Will, on the other hand, as Mr. Flower thinks, non-partisan municipal government, not holding itself responsible to a party organization, be without the necessary sense of responsibility? Here is a practical example. Of all our present city officers Colonel Waring is probably the most “independent” in sentiment. Few citizens of New York know to what party he belongs, or whether he belongs to any. If anybody should speak to him about his “responsibility” to a political party he would chuckle. But what sane person will say that Colonel Waring, as an officer of the city government, is without a proper sense of responsibility? He simply feels himself responsible to the people of New York and to the judgment of his countrymen for cleaning the streets of the city to the best of his ability. And there are other city officers animated with the same spirit and devoting themselves with the same fidelity to their duties. Now let Mr. Flower compare these men, whom he considers in a sense “irresponsible,” with a majority of their predecessors under partisan municipal government with all the moral weight of their responsibility to party organization upon them — and where does he find the strongest sense of responsibility of the genuine kind? And which kind of responsibility serves the public best?
Nothing could possibly be more delightful than the string which Mr. Flower attaches to his plea in saying: “Behind any defence of municipal government by party, however, must stand the imperative condition that the party organization be intelligent, honest, and broad-minded. Corrupt and incapable local organizations cannot give good local government and are a menace to party success in either State or national contests. But with clean men directing party effort, and insisting upon honest, faithful public service as a condition for rewards, municipal government is safe in partisan hands, and evils which have grown up under control by party need not exist.” This is the hugest joke of the season, considering the character of the party organizations we have to deal with in New York city — Tammany Hall, under Boss Sheehan on the one side, and the Republican machine under Boss Platt on the other. Yes, if Tammany Hall and the Platt machine, or either of them, were or could be made party organizations unselfishly devoted to the public good, municipal government might be as safe in their hands as in those of any other set of virtuous patriots. But will not the mere suggestion of such a possibility provoke a general guffaw? Mr. Flower tells us that “partisanship in city government differs from non-partisanship in being a reflection of conditions as they exist — not as they ought to be.” Well, will not then partisanship in our city government reflect existing conditions which are very bad? And are not good citizens in duty bound to strive for a change of conditions in the direction of what they “ought to be”? And could there be anything more hopeless than an attempt to effect that change by a transformation of Tammany or of the Platt machine into devotees of good government?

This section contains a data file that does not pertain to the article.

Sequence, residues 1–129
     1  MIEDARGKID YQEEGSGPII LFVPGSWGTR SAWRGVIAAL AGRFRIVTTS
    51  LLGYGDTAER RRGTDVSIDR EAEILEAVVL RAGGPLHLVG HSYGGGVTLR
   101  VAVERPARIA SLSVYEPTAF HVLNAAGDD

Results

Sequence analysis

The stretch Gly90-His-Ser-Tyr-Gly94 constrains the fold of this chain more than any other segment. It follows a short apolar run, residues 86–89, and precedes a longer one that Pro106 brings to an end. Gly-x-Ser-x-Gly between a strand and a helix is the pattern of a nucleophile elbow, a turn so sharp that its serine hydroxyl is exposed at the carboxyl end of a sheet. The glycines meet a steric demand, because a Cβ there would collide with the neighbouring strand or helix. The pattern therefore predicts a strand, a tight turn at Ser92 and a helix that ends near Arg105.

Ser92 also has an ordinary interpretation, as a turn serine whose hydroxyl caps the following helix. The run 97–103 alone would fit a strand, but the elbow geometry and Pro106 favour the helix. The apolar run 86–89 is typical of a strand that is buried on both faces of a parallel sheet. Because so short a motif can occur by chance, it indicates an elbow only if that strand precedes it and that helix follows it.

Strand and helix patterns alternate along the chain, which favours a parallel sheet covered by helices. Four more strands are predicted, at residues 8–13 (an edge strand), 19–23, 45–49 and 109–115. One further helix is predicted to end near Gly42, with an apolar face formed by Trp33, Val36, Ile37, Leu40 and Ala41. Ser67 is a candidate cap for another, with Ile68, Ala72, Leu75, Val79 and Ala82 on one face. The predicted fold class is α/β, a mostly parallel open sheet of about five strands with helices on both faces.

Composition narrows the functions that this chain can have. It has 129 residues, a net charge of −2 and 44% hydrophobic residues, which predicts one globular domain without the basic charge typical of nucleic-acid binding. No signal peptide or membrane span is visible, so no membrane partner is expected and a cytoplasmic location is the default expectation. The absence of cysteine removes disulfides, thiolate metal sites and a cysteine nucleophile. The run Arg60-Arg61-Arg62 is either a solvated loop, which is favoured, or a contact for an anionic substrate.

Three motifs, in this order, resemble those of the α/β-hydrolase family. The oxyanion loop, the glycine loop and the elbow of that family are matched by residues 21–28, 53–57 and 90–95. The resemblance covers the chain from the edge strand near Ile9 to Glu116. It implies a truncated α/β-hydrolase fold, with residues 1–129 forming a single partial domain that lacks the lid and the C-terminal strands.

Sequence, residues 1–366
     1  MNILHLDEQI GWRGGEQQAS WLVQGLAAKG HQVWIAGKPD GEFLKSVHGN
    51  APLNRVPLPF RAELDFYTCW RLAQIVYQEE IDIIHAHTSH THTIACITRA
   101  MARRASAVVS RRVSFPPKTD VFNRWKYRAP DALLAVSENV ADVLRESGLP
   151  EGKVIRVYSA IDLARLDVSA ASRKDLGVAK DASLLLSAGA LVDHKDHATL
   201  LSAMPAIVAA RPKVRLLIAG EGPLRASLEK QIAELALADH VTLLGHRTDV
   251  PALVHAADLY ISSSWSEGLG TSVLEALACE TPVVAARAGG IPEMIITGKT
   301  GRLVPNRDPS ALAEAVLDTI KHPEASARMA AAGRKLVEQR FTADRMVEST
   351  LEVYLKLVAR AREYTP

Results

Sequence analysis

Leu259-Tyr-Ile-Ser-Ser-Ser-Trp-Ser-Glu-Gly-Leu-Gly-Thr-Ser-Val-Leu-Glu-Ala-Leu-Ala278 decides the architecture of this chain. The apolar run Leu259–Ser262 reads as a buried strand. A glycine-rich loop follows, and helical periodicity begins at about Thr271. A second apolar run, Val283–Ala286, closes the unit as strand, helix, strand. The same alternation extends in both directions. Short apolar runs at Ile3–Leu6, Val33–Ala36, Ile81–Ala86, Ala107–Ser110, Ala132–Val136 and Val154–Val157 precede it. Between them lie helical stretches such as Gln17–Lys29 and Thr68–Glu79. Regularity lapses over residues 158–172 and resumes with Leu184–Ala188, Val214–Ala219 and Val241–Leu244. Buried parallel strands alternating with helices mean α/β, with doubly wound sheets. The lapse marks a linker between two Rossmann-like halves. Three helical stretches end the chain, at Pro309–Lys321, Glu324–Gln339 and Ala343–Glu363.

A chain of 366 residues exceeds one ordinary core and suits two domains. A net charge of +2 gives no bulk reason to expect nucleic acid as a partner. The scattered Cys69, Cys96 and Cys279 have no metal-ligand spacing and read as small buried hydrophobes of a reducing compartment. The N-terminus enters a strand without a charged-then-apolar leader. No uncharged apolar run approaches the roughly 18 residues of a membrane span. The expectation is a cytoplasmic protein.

Under such circumstances there is something of comedy in the spectacle of a company of sound-money Democrats meeting at dinner like the Pickwick Club to devise methods of attaining good municipal government by electing only “Democrats” to the city offices, and of “uniting” all “Democrats,” Tammany included, to that end. These gentlemen seem to be haunted by a vague apprehension that any independent municipal movement may somehow hurt their party, whatever that at present may be. The droll confusion of this idea is mercilessly betrayed by Mr. Flower when he says: “A battle for tariff reform or for honest money might be lost, if party activity were reserved only for Federal elections.” If this be true, might not likewise a battle for high protection or for free silver be lost, if party activity were reserved for Federal elections? And is not this even far more likely because independent action is most apt to weaken the regular organizations, which at present work, one for high protection and the other for free silver? Those gentlemen are no less at sea with regard to the municipal situation. Do they not know what everybody else knows, that if Tammany “unites” with them on a respectable Democrat for the Mayoralty and keeps Bryanism in the background for the time being, it does so only for the purpose of tiding over a dangerous crisis, and of claiming the victory and monopolizing its fruits if the “united” Democrats win? Do they not see that by such an unprincipled “union” of sound-money men and Bryanites as “Democrats,” they would simply make themselves a mere tender to Tammany Hall? If they really mean to serve the cause of good government in New York they cannot too soon join the independent citizens' movement and contribute their share toward keeping it in the truest sense non-partisan.
This work published before January 1, 1923 is in the public domain worldwide because the author died at least 100 years ago.